Guantanamo - They STILL Don't Have A Plan

Despite returning home from Washington Wednesday evening and being grossly overloaded with (real!) work, I had to make time today to join a few other folks for a couple of conference calls.

I’ll cover the first of the two in this posting – a conversation mainly about the situation surrounding the Guantanamo Bay detention facility with Sen. Sam Brownback (R-KS).

Senator Brownback actually visited the Guantanamo facility personally three weeks ago, and found it to be (as we’ve often heard) one of the nicer prison facilities he’s ever visited. It has been uniquely arranged to address its unique mission – and all of these uniquenesses would have to be replicated wherever the “replacement” facility would be constructed; the facility is very professionally run.

Senator Brownback noted that the prisoners receive a diet that is about 6000 calories a day; I don’t know if this can be cross-checked quickly, but it’s quite high. Prisoners at Guantanamo tend to put on weight, leading our Australian friend Tim Blair to refer to them as “Talitubbies.” He sampled the food while he was there, and found it to be excellent; perhaps we could send Bert Wolff down to do a show on the cuisine.

The Senator noted that a critical issue is that the facility exists not just to keep the detainees in, but also to keep other terrorists out. A more easily-reachable facility would be a very tempting target – both for the making of a political statement, and for possibly breaking some compadres out. Since one of the possible domestic locations mentioned for a Guantanamo replacement is Fort Leavenworth outside Kansas City, Kansas, the Senator clearly has a direct interest in this situation; placing detainees in a facility at Fort Leavenworth would place them basically in the Kansas City metropolitan area.

Another issue is that the cost of any Guantanamo replacement facility would be surprisingly high – in the hundreds of millions of dollars. Due to the unique nature of the detention facility at Guantanamo Bay, many special accouterments have been added – such as a secure facility for global videoconferencing to allow witnesses anywhere in the world to provide live testimony. Among the likely consequences, the time lost in recreating these facilities elsewhere would greatly slow down the judicial proceedings that are in progress.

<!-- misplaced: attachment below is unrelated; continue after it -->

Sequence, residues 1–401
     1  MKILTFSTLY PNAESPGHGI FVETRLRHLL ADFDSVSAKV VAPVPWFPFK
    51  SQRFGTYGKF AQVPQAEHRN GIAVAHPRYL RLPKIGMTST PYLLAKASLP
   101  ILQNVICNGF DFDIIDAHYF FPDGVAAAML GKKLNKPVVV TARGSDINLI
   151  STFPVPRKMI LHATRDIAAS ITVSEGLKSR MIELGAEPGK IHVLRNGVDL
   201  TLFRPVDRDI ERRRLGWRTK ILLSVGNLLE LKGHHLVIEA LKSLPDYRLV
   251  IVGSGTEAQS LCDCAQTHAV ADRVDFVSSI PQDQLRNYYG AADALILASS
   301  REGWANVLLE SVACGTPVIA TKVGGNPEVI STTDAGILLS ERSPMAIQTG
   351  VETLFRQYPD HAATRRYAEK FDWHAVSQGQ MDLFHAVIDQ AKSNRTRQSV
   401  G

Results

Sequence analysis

The main issue with Guantanamo is that it has supposedly given the United States a “bad image,” particularly with Europe and the Islamic world. However, if a replacement facility were to be constructed, it would quickly become the focal point for the same sort of mindless anti-Guantanamo agitation.

As a final point, the Senator noted that while the detainees at Guantanamo Bay are not eligible for formal Geneva Convention protections and privileges, the United States has been trying to work to a basic Geneva Convention standard. One of those standards is that prisoners of war may not be held in facilities that also hold regular criminal prisoners – thus, as noted above, any closing of the Guantanamo facility would require the construction (or finding) of new facilities that are not directly associated with any conventional incarceration facility. (It also occurred to me that this would also be extremely dangerous, as Islamic radicals have been extremely successful in finding new recruits among conventional prisoner populations.)

There were a number of questions asked, and I had to ask about the situation at this point with notions of “other countries” stepping up to take these detainees – if this idea were even being mentioned anymore from the White House (if just for soothing-Americans purposes). The Senator said that all discussion of that option has been dropped completely – even as a talking point. He also noted that some of the most vociferous critics of the Guantanamo facility (particularly in Europe) have been happy to carp but have been adamant about not taking in any of these detainees themselves – France has agreed to take one detainee, a transfer that apparently happened last week.

While we had time, Senator Brownback also fielded some more wide-ranging questions. The three items I noted were:

o He is appalled at how disengaged and unrealistic the Administration is on all aspects of foreign policy;
o He’s hoping that recent events will allow a push to get North Korea back on the list of nations fingered as terrorist states;
o He believes that the “two-state solution” (Israel and “Palestine”) is now a completely bankrupt idea – and that we need to explore ways to get the present “Palestinian territories” to be re-integrated (respectively) with Egypt and Jordan.

BTW, I once again volunteered to get together a small contingent of RedState contributors to join one of the fact-finding visits to Guantanamo Bay – so that we can see it ourselves and write about it. The Senator has long thought it would be good to get more of us to make that visit – but this is something that has to be run through the public relations area over at DoD. So if anyone over there is reading this….